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On the D Blog--Symphony of Destruction: Structs, Classes, and the GC
Mar 04
Dukc
Mar 19
apz28
March 04
This post is 3+ years overdue. I initially put it off for the lack of a purpose-built tool in the language or the library to distinguish between normal destruction and finalization (when the GC is invoked by the destructor). After we got the `GC.inFinalizer` thing and having made a few stalled attempts to get the thing written, I finally sat down a couple of weeks ago and forced myself to finish it.

The result is not what I had originally intended, as the topic turned out to be much more involved than I had realized. What was supposed to be one post very quickly became two, and now it looks like there will be at least four before I'm done. (I didn't even get to the GC.inFinalizer thing in this first post.) Object destruction in D has dark corners that I had never knew existed until recently, and I expect that as I experiment with them and talk with some battle-hardened warriors like Adam, I'll find myself with many more words to write on the topic.

The blog:
https://dlang.org/blog/2021/03/04/symphony-of-destruction-structs-classes-and-the-gc-part-one/

Reddit:
https://www.reddit.com/r/programming/comments/lxkcxp/symphony_of_destruction_structs_classes_and_the/

The GC series to date:
https://dlang.org/blog/the-gc-series/


March 04
On Thursday, 4 March 2021 at 13:54:48 UTC, Mike Parker wrote:
>
> The blog:
> https://dlang.org/blog/2021/03/04/symphony-of-destruction-structs-classes-and-the-gc-part-one/

"Some examples: attempting to index an associative array can trigger an attempt to allocate a RangeError if the key is not present; a failed assert will result in allocation of an AssertError; calling any function not annotated with @nogc means GC operations are always possible in the call stack. These and any such operations should be avoided in the destructors of GC-managed objects."

I don't understand this part. If an assert was failing, the program is going to terminate anyway, so InvalidMemoryOperationError is no problem. Well, it might obfuscate the underlying error if there is no stack trace, but banning `assert`ing in anything that could be called by a destructor sounds too drastic to me. Even the lowest level system code tends to contain asserts in D, at least in my codebase. If asserting is banned, destructors can do faily much nothing. I'd think it's much more practical to redefine the assert failure handler if InvalidMemoryOperationError due to a failed assert is a problem.
March 04
On Thu, Mar 04, 2021 at 11:42:58PM +0000, Dukc via Digitalmars-d-announce wrote:
> On Thursday, 4 March 2021 at 13:54:48 UTC, Mike Parker wrote:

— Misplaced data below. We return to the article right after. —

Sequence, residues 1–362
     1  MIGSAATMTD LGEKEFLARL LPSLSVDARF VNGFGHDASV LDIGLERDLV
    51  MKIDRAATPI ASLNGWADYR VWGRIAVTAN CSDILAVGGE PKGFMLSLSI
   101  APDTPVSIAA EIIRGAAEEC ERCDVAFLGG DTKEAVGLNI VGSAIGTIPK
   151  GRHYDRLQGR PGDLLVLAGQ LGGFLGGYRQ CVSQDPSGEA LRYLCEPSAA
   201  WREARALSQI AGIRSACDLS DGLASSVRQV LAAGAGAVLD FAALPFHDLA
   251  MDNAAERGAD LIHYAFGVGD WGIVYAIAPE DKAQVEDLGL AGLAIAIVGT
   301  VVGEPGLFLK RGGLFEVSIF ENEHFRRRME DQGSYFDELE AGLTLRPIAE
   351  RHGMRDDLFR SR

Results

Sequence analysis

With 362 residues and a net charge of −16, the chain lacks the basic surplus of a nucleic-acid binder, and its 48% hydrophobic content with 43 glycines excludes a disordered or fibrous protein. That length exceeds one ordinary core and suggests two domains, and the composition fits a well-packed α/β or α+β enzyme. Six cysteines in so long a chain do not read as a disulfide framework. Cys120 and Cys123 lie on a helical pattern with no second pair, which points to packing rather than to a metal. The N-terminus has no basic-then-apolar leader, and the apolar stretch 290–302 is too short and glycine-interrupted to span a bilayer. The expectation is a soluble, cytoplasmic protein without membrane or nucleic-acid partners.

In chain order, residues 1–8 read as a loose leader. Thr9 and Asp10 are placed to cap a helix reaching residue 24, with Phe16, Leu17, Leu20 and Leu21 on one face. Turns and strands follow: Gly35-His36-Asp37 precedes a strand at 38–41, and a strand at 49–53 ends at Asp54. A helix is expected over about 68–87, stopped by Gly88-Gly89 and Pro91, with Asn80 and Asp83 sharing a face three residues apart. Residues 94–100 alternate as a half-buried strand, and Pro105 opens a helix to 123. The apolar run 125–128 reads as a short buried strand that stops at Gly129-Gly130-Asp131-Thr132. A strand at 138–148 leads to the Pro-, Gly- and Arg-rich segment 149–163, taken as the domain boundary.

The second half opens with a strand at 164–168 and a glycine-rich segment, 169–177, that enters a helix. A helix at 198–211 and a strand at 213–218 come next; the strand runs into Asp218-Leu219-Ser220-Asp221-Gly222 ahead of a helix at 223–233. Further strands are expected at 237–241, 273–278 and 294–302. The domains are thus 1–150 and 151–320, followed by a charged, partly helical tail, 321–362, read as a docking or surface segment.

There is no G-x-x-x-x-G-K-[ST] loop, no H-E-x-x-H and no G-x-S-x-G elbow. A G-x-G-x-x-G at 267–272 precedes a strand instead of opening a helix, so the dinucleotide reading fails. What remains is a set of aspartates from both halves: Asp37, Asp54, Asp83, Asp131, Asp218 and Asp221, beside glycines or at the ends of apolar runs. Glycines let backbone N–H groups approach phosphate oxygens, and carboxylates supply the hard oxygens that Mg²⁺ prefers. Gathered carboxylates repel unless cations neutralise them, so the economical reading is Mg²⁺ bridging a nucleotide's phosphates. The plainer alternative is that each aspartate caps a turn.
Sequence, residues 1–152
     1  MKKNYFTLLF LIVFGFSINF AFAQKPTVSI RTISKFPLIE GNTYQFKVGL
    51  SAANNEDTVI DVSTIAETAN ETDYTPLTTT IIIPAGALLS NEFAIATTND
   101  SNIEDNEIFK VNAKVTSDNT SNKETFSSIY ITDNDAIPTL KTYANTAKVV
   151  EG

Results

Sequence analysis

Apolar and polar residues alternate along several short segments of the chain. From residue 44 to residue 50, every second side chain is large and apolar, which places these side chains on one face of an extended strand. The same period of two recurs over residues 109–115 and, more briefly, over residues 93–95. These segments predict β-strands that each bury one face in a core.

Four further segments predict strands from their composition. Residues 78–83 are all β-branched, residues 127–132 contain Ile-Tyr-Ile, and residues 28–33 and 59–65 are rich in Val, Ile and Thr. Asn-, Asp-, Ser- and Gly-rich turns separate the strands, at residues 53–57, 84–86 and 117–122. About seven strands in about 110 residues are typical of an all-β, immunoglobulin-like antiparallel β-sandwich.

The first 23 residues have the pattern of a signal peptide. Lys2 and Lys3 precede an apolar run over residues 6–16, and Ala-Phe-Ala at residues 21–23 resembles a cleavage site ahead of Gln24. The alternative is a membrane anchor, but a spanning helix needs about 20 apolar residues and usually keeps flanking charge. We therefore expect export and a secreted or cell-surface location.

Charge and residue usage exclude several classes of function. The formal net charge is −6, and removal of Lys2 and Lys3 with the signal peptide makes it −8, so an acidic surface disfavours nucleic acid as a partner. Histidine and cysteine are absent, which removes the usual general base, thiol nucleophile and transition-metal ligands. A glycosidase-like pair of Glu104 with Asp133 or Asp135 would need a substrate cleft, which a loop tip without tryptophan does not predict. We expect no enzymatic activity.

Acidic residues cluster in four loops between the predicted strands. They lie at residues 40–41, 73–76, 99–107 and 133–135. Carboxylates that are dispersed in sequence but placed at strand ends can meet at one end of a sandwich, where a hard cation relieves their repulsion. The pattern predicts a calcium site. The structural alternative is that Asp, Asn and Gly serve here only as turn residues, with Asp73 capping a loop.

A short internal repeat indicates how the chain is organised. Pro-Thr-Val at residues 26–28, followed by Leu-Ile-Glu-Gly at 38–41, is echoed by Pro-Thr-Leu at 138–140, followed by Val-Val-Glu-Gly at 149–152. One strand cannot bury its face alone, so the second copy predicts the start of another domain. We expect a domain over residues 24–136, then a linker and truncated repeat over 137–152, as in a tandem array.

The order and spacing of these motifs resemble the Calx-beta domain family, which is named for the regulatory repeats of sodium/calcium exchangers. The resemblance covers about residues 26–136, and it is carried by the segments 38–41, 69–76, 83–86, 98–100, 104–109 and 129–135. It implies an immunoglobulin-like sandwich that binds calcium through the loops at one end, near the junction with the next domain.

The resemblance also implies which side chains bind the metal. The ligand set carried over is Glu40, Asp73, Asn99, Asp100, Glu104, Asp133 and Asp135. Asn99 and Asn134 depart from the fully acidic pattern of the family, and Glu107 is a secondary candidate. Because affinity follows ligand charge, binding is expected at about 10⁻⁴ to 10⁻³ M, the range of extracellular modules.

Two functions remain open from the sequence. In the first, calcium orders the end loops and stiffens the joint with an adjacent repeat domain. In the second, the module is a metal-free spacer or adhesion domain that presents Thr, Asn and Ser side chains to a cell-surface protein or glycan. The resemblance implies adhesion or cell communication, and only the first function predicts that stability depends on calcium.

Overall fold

[...]
> If an assert was failing, the program is going to terminate anyway, so InvalidMemoryOperationError is no problem. Well, it might obfuscate the underlying error if there is no stack trace, but banning `assert`ing in anything that could be called by a destructor sounds too drastic to me. Even the lowest level system code tends to contain asserts in D, at least in my codebase. If asserting is banned, destructors can do faily much nothing. I'd think it's much more practical to redefine the assert failure handler if InvalidMemoryOperationError due to a failed assert is a problem.

This is precisely why Walter (and others) have said that assert failures should not throw anything, they should simply terminate (perhaps calling a user-defined panic function right before aborting, if special handling is needed).

That, or we take Mike's advice to pretend that class dtors don't exist.


T

-- 
The diminished 7th chord is the most flexible and fear-instilling chord. Use it often, use it unsparingly, to subdue your listeners into submission!
March 05
On Thursday, 4 March 2021 at 23:42:58 UTC, Dukc wrote:

>
> I don't understand this part. If an assert was failing, the program is going to terminate anyway, so InvalidMemoryOperationError is no problem. Well, it might obfuscate the underlying error if there is no stack trace, but banning `assert`ing in anything that could be called by a destructor sounds too drastic to me. Even the lowest level system code tends to contain asserts in D, at least in my codebase. If asserting is banned, destructors can do faily much nothing. I'd think it's much more practical to redefine the assert failure handler if InvalidMemoryOperationError due to a failed assert is a problem.

Yes, this can be worked around. Passing -checkaction=C to the compiler will use the C assert handler and no exception will be thrown (which, IMO, should be the default behavior of asserts anyway). But even then, I believe as a general rule that any code which touches an assert has no place in a finalizer. And that's because asserts are inherently deterministic.

A properly-written assert is used to verify an expectation that the program is in a specific state at a specific point in its execution. If the program is not in that state at that point, then we know we've got an error in our code. It's because of this determinism that we can remove asserts from released code and expect that nothing will break, and it's why we don't assert on conditions that are beyond our control (like user input).

Because finalizers are non-deterministic, they kill that "at a specific point in the program's execution" part, rendering any asserts they touch unreliable. It is realistically possible that an assert invoked in a finalizer never triggers during development, then the program is released with asserts removed, and then it breaks out in the wild because a finalizer is invoked at a point when the program isn't in the expected state.